The season was the stuff that movies are made of – our girls actually managed to win one match, and that was the final match of the season with a cliffhanger ending with a shot at the buzzer. As you can imagine, that victory was as sweet as sweet can be.

After reading this, dear reader, I hope you can understand why my blood is boiling. So why am I still unsure about writing a courteous letter to the League to suggest a few changes to the rules? Because this basketball season was also an illustration of what the resurrection is all about: new life grew out of the places of brokenness.

The girls’ spiritual growth this season was phenomenal, and I believe they will be better persons for it. The injustice they suffered was not really a big one in the grand scheme of things, and these girls have plenty of other successes in their lives. The girls all had involved adults in their lives to support them through the experience, so it never had the power to do real damage to their souls. Coach J and his assistant K were an important part of the girls’ growth.

Based on the conversations we had in our home, here’s the spiritual growth I think M and her team mates may have had: They understand that life isn’t always fair, and sometimes the best option available is to develop your own standards. The girls learned to define success as working hard,   improving their team’s skills, making the opposing team work hard for every single point. They learned to redefine goals: Winning one quarter of play became a victory, even if they lost in the final score. Reducing the other team’s margin became the measure of progress. Their progress was steady: from losing 26-0 they progressively whittled down on the opposing team’s margin until they actually won.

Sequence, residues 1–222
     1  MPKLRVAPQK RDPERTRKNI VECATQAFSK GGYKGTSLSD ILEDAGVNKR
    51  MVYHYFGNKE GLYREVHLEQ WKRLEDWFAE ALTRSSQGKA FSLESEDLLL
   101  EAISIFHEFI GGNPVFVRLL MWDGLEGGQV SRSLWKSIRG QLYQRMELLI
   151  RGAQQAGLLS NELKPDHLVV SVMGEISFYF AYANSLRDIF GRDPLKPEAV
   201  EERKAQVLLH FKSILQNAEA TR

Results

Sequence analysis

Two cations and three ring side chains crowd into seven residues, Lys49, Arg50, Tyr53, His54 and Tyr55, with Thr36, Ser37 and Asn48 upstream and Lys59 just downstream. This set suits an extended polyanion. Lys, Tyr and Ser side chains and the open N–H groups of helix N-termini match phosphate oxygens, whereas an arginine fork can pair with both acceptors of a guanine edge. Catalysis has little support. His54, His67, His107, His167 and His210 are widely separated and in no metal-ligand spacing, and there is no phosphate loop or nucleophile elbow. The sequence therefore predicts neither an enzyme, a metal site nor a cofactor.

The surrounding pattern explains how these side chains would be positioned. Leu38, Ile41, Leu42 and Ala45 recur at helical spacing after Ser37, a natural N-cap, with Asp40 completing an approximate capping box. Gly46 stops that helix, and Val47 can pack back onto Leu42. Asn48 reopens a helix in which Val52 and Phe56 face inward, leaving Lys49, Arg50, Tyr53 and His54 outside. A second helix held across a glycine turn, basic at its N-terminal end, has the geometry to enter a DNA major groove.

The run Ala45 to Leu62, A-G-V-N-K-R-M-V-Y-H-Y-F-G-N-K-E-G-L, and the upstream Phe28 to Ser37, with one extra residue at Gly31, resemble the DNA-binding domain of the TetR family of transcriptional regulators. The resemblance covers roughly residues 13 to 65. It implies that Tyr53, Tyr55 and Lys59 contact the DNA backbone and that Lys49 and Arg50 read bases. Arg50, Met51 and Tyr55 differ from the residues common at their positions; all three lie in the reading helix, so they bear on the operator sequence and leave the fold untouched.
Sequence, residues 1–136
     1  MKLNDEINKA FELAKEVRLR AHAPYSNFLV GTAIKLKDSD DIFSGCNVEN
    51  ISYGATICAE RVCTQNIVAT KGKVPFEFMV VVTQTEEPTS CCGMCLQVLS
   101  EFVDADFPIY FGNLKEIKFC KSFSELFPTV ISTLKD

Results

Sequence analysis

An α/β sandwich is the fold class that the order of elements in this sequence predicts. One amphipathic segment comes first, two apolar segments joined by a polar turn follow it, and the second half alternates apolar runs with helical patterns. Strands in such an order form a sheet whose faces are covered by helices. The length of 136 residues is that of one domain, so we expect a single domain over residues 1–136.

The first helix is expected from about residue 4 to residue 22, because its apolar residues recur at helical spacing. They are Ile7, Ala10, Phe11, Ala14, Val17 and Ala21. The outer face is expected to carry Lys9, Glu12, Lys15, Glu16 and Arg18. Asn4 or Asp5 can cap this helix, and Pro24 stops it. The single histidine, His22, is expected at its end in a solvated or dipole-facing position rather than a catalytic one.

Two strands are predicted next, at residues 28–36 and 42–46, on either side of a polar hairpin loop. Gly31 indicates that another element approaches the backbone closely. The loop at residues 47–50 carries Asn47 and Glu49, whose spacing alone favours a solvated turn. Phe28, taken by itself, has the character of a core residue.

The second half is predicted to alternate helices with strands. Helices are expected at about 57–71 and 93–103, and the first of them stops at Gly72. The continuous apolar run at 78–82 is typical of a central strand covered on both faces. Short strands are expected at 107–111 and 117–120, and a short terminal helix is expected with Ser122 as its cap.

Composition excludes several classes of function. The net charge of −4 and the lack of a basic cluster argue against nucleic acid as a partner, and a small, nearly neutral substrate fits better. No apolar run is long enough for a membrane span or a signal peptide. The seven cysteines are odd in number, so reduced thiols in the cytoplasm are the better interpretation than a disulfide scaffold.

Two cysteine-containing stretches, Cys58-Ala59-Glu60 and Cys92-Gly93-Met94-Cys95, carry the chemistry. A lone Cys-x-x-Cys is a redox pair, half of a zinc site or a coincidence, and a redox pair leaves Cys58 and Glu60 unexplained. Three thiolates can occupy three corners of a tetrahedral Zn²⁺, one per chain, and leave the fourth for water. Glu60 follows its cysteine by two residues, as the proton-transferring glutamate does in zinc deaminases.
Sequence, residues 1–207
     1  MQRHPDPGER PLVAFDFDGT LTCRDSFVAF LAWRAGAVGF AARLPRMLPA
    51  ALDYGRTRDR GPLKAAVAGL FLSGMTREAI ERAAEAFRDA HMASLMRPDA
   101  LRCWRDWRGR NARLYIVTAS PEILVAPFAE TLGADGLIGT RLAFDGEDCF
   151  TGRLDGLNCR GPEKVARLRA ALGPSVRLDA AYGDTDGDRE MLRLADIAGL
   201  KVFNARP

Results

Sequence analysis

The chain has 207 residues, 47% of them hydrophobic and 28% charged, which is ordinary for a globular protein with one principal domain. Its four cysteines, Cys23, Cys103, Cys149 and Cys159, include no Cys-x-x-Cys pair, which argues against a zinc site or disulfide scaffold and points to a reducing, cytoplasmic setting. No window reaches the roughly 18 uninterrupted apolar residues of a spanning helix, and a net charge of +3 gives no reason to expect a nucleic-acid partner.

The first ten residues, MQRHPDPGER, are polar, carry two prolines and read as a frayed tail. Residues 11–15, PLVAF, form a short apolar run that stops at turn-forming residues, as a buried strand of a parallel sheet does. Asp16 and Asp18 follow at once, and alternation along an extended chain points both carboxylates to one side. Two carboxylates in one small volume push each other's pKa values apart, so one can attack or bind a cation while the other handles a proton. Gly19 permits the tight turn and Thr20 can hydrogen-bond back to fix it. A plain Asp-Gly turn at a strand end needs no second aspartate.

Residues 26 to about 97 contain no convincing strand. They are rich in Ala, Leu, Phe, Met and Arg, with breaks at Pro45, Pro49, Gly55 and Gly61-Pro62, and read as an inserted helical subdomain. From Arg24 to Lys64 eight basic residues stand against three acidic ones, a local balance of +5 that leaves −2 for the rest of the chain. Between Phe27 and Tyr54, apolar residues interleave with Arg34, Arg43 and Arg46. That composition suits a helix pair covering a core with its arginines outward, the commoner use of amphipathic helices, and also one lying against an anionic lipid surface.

They learned something about compassion. I saw M start to think differently about herself. She became a little more aware of the areas in her own life where she might have an advantage over others. She started to think about how her advantages might come at the expense of others. She asked some questions about who she is and how she affects others in the school playground. She articulated a desire not to ever use her advantages in the way she had seen others do it in basketball. All of these concepts have of course been around for a while in our conversations, but M seemed to begin to apply them more in her own life.

I heard a brand new insight into ethics – a beginning understanding that just because you CAN do something doesn’t mean you SHOULD: there were numerous conversations about the fact that the teams that clobbered M’s never broke a single league rule.

I heard M and her teammates begin to understand the value of good rules, laws, and enforcement, and more acceptance even of the rules that may limit her own freedom.